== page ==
Are there any opticians out there?

  Noels 16:16 19 Oct 08
Locked

About 6 months ago at 73 yrs of age I was diagnosed with the first stages of a cataract which makes focusing difficult in my right eye. I asked if they could prescrible glases to correct this problem. I was told no.
However I use binoculars for bird watching and I can adjust the binos for perfect vision?
So why can't the opticion adjust my glasses acordingly??
Regards
Noels

  lofty29 16:22 19 Oct 08

click here
hope this helps

  Noels 16:44 19 Oct 08

Many thanks for your input.
My question is "If I can focus with both eyes using binoculars Why can't opticians prescribe glasses to correc my vision?
Regards
Noels

  BT 17:03 19 Oct 08

Cataracts are caused by the lens of your eye starting to go cloudy so no glasses will improve this. See your doctor and get them seen to. Its a simple operation and involves the removal of the cloudy lens and an implant of a plastic lens. If you don't have them done your vision will rapidly get worse and eventually you won't be able to see at all in that eye.
Its a simple operation done as an outpatient procedure under local anasthetic and takes about 20 mins. You will be amazed just how bad your vision has become and how much better it is afterwards. I have had both of my eyes done at different times and I was home about an hour after the procedure. Don't delay you can't afford to lose your sight and its so simple to avoid it.

  laurie53 20:20 19 Oct 08

I have the start of cataracts too, but my optometrist tells me it's nothing to worry about for about twenty years.

Presumably by that time (I'll be 91!), blurred vision will be the least of my problems

  Covergirl 21:08 19 Oct 08

A second (or third) opinion may prove fruitful.

My theory :

Binocs let in a lot of light (more or less depending on the size of the object lens). From Wiki "Binoculars concentrate the light gathered by the objective into a beam".

I can't read small print under a low light but no problem in bright light or daylight, so maybe the binocs are overriding the effects of the cataract?

Opticians - Pah! Another expensive professional service some of us are unfortunate enough to have to suffer.

  Jim Thing 21:37 19 Oct 08

Just a word in support of BT, whose advice is good.

I had both eyes done a couple of years ago, one privately (because I'm an impatient old man and my eyesight had fallen below the standard required for driving) and one a few weeks later on the NHS. Both operations were done in the same theatre with the same theatre staff, and if my NHS operation had been scheduled for p.m. instead of a.m. it would have been done by the same surgeon. The only difference between the two operations was £1600.

The operation is entirely painless by the way, and it really does make a huge difference. As BT says: "Don't delay you can't afford to lose your sight and its so simple to avoid it."

  BT 08:27 20 Oct 08

Twenty years! I'd take that with a very large pinch of salt.

I had my first one done in 2001 and in 2005 my optician told me that I would probably need the other one done 'soon'. I had no real problems until about the middle of 2007 when I started noticing blurring and especially at night it was getting difficult driving. In October 2007 when I had my Diabetes eyecheck the lady doing the check referred me immediately. By the time I had it done in March 2008 I was TOTALLY blind in that eye. Believe me once they start they will eventually get to the point where they affect your life. It may be months, it may be years, but it WILL happen.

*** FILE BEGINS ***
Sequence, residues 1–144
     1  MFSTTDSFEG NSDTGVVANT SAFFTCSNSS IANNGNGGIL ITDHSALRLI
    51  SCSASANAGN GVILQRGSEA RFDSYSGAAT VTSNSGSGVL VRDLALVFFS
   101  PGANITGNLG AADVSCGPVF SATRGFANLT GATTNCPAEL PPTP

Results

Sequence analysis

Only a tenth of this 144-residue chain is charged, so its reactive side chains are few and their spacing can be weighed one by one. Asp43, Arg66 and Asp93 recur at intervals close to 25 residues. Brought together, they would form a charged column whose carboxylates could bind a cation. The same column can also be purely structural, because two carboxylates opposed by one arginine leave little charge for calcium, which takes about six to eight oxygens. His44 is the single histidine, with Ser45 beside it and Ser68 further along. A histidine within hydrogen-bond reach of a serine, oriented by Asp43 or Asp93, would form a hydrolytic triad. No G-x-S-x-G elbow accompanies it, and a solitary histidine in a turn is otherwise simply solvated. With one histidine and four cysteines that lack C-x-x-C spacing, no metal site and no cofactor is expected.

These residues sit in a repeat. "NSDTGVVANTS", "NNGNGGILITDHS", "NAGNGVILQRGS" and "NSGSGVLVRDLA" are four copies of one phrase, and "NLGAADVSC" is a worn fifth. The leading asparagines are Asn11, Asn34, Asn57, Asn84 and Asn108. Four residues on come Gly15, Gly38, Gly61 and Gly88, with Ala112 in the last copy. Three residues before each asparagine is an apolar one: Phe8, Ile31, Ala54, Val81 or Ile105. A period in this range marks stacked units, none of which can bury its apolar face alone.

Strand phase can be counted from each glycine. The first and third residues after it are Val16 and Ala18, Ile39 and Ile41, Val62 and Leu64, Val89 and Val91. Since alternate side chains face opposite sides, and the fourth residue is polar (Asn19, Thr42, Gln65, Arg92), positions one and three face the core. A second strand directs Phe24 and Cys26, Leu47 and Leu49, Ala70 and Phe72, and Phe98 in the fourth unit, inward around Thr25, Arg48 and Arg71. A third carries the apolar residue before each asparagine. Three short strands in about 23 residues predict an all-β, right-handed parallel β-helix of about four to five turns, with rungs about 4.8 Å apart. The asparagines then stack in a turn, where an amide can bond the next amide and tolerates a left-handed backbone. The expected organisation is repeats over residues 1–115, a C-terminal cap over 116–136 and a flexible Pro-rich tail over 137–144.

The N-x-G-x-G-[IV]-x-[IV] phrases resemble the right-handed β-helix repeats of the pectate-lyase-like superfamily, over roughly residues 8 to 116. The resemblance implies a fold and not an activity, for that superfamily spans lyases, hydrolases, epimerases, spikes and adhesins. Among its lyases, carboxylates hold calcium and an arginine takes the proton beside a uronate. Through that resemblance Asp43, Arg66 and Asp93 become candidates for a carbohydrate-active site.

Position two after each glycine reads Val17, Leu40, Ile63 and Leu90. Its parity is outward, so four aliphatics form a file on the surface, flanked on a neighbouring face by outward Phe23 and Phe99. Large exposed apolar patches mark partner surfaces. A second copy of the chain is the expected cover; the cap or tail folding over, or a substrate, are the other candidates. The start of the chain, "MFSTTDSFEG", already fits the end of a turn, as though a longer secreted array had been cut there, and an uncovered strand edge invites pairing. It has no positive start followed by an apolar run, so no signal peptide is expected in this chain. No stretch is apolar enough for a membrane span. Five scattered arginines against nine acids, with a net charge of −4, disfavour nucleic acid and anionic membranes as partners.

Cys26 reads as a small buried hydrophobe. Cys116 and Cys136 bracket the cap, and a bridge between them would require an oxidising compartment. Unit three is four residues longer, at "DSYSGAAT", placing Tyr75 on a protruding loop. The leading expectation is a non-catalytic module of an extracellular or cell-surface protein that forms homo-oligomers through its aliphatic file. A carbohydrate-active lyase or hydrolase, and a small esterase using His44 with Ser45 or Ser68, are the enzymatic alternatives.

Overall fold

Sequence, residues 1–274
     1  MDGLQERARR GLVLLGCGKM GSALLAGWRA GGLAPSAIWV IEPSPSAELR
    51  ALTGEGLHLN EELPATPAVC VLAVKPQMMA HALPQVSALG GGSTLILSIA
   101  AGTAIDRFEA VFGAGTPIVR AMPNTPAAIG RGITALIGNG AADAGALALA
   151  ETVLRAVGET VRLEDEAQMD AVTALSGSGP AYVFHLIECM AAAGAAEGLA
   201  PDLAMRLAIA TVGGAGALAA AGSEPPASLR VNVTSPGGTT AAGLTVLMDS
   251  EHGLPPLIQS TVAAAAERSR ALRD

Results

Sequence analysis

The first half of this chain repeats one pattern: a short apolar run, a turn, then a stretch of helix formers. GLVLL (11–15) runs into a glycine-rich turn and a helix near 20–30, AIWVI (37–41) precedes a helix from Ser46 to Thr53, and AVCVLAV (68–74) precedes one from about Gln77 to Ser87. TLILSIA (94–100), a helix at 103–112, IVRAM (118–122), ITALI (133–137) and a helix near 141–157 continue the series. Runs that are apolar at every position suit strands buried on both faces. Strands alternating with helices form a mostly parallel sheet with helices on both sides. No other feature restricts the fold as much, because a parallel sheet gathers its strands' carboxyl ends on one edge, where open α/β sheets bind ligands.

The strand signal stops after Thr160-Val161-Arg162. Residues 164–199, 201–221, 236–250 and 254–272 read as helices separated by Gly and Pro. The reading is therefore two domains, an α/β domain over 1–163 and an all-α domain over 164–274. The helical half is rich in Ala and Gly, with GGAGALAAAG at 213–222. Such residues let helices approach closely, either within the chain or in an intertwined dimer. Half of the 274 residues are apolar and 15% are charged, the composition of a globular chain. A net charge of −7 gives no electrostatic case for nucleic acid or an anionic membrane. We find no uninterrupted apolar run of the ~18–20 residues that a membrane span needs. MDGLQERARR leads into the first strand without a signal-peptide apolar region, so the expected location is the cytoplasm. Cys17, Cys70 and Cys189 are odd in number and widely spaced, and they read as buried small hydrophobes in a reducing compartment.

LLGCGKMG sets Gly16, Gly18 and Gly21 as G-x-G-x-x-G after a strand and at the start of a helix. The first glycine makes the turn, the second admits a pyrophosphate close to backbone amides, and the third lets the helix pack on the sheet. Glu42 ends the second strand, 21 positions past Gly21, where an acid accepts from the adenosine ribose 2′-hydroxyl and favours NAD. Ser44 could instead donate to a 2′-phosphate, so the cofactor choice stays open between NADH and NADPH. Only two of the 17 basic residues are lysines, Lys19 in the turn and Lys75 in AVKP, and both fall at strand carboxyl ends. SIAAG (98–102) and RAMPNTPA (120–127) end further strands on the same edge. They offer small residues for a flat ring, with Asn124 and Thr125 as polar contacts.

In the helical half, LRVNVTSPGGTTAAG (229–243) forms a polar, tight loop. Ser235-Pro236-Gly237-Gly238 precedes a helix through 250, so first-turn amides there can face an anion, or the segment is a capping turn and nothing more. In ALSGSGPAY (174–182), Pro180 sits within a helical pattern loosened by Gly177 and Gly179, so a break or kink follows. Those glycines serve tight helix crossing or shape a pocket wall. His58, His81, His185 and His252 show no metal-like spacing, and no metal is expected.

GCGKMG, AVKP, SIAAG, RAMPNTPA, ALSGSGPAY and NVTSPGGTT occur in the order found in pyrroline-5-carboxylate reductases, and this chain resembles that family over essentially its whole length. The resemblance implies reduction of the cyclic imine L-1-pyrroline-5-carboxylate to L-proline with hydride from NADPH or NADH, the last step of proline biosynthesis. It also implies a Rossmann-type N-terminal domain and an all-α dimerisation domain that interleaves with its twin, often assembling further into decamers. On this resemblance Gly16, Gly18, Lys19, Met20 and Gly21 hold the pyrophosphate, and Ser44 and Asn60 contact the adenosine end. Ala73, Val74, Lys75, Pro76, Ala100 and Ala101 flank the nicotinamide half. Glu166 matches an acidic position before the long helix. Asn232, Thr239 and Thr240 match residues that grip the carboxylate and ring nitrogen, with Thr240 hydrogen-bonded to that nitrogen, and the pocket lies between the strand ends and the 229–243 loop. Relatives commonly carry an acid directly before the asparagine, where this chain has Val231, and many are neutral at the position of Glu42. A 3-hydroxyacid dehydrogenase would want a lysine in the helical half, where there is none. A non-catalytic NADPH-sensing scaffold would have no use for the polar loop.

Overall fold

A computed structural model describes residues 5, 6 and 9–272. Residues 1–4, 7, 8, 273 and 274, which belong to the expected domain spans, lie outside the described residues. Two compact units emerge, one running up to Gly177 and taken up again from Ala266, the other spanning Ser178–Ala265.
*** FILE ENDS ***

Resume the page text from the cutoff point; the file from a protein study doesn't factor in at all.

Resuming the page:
I was talking to an elderly neighbour the other day and she has been told that she has to have both of her eyes done next month. Her words to me were that she didn't even know she had Cataracts. That is the problem, they start slowly and you tend to adapt to them and don't realise how your sight is deteriorating until one day you realise that you can't see properly.

Cataract operations are the most commonly performed operations in the NHS. Here in Norfolk, the Norfolk & Norwich hospital apparently performs about 5000 procedures a year, the highest number at one hospital in the NHS.

Jim Thing
£1600, that seems quite a good price. When I was pricing it up in 2001, prices seemed much higher than that, nearer the £3000 mark around London where I lived at the time. I think the cheapest place I found was Kings Lynn.

  Stuartli 09:48 20 Oct 08

Laser eye treatment costs from around £395 upwards per eye at specialist private clinics.

Also see:

click here

  Jim Thing 10:02 20 Oct 08

Aye, £1600 was indeed a reasonable price, especially I was told by my optometrist that the Belfast surgeon who did my first eye is one of the best in the business. She said that most opthalmic surgeons charge more than £2000 for cataract removal.

On the same subject I appreciated a wise remark made by my son-in-law. I'd mentioned to him that mine was one of ten cataract operations on the surgeon's list for the same Saturday morning, and that £16,000 wasn't a bad return for a wee Saturday half-day job. "Look at it this way" he said, "if he only charged £2.50 you wouldn't want him cutting your eye open."

  Noels 10:05 20 Oct 08

And all the other helpful suggestions. I suspect you are right about the light gathering power of the binoculars. I don't have real problems on sunny days but on dull days focussing my right eye can be a real test.
I will follow this up with my optician who is married to a consultant at our local eye hospital
Many thanks to all
Regards
Noels

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